Wednesday, December 08, 2004
As if we need more proof that "paleoconservatives" have offically left the reservation and need be shunned, there are these charming missives from Samuel Francis and Pat Buchanan (the former via Volokh.) First there's Francis' words of wisdom on race in light of the Sheridan-Owens intro on Monday Night Football and the Jackson-Timberlake Super Bowl fiasco:
But yeah, we are the apostates.
Like the Jackson-Timberlake performance, the Owens-Sheridan ad was interracial and brazenly so—if only morals and taste had been the targets, the producers could easily have found white actresses who are less obviously Nordic than the golden-locked Miss Sheridan, but Nordic is what the ad's producers no doubt wanted.And then there's this from Buchanan on the Ukraine situation:
For that matter, if you only wanted to take a swipe at morals and taste, you could find a black woman to rip her towel off or replace Mr. Owens with a famous white athlete (there are still a few).
But that wasn't the point, was it? The point was not just to hurl a pie in the face of morals and good taste but also of white racial and cultural identity. The message of the ad was that white women are eager to have sex with black men, that they should be eager, and that black men should take them up on it.
So far only one voice has mentioned the ad's racial meaning and denounced its "insensitivity" (to blacks)—that of black Indianapolis Colts coach Tony Dungy.
Blacks are permitted to notice race. Whites aren't.
But the ad's message also was that interracial sex is normal and legitimate, a fairly radical concept for both the dominant media as well as its audience.
Nevertheless, for decades, interracial couples of different sexes have been sneaked into advertising, movies and television series, and almost certainly not because of popular demand from either race. The Owens-Sheridan match is only the most notorious to date.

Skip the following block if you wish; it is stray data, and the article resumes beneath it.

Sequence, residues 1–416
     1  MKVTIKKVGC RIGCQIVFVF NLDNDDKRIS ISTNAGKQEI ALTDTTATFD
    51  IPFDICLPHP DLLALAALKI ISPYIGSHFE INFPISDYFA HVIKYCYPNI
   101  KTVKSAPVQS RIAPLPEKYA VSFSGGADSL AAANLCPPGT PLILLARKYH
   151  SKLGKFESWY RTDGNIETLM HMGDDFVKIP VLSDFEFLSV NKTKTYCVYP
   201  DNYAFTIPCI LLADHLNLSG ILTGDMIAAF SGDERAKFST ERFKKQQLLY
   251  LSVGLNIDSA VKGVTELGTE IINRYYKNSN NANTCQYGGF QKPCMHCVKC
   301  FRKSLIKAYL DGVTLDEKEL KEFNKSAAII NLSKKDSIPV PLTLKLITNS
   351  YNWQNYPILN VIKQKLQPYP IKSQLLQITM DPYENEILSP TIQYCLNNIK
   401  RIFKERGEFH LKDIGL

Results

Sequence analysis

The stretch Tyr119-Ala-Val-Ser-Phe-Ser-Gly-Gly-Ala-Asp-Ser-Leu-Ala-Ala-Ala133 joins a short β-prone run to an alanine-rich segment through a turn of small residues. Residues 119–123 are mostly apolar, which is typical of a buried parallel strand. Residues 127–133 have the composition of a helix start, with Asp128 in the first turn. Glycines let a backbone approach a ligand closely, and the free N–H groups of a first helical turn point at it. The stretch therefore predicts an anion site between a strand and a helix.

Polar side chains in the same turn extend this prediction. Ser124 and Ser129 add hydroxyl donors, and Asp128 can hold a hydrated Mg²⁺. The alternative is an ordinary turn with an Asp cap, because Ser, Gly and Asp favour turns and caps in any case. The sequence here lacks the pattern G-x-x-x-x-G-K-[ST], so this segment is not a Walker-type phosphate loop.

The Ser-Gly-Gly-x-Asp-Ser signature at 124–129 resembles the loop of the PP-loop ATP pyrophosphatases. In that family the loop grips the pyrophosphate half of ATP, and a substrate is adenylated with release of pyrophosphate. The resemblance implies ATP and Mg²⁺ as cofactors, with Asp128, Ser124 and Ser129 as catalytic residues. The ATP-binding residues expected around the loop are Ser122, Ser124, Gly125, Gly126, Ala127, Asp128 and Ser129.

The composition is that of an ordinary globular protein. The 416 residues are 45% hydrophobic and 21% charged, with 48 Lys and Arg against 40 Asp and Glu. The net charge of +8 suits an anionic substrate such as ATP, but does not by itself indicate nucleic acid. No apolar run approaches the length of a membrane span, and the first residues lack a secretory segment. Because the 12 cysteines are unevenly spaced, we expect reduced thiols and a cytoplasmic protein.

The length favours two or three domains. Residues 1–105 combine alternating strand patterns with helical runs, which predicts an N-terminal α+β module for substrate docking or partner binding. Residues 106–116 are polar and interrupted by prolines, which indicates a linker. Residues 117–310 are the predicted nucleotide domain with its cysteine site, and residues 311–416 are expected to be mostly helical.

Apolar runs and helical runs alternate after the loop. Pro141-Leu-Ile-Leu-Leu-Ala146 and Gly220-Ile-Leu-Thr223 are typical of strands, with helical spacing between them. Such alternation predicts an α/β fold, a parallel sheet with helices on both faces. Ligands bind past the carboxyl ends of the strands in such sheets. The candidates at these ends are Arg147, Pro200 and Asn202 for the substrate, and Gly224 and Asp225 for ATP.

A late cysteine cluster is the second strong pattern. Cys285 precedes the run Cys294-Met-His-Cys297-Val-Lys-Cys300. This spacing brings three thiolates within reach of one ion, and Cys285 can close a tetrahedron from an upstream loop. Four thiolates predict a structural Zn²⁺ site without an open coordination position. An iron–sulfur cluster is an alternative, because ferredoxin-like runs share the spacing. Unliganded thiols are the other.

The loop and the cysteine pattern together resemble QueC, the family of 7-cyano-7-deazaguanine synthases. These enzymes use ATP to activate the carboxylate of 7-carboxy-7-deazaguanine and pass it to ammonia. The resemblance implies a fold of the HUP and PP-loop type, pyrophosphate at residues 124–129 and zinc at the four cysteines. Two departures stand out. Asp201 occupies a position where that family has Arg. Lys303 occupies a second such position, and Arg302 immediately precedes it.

But, on election day, Yushchenko, like Kerry, lost by three, as the populous eastern Ukraine delivered the same huge margins for favorite son Yanukovich as did western Ukraine for Yushchenko.Racism, conspiracy theories, anti-Americanism, support for Russian authoritarianism: these are the hallmarks of paleoconservatism.
Into the streets came scores of thousands of demonstrators, howling fraud and demanding that Yushchenko be inaugurated. Engaging in civil disobedience, and backed by the West, the crowds intimidated parliament, President Kuchma and the judiciary into declaring the election invalid.
John Laughland writes in the Guardian of the double standard our media employ:
Enormous rallies have been held in Kiev in support of the prime minister, Viktor Yanukovich, but they are not shown on our TV screen ... Yanukovich supporters are denigrated as having been "bussed in." The demonstrators in favor of Yushchenko have laser lights, plasma screens, sophisticated sound systems, rock concerts, tents to camp in and huge quantities of orange clothing; yet we happily dupe ourselves that they are spontaneous.
Laughland is saying the Yushchenko demonstrations may be as phony as that U.S-Albanian war in the Dustin Hoffman-Robert DeNiro film "Wag the Dog." He calls Pora "an organization created and financed by Washington," like Otpor and Kmara, which were used in Serbia and Georgia to oust leaders Washington wished to be rid of. Pora's symbol, writes Laughland, depicts "a jackboot crushing a beetle."
But yeah, we are the apostates.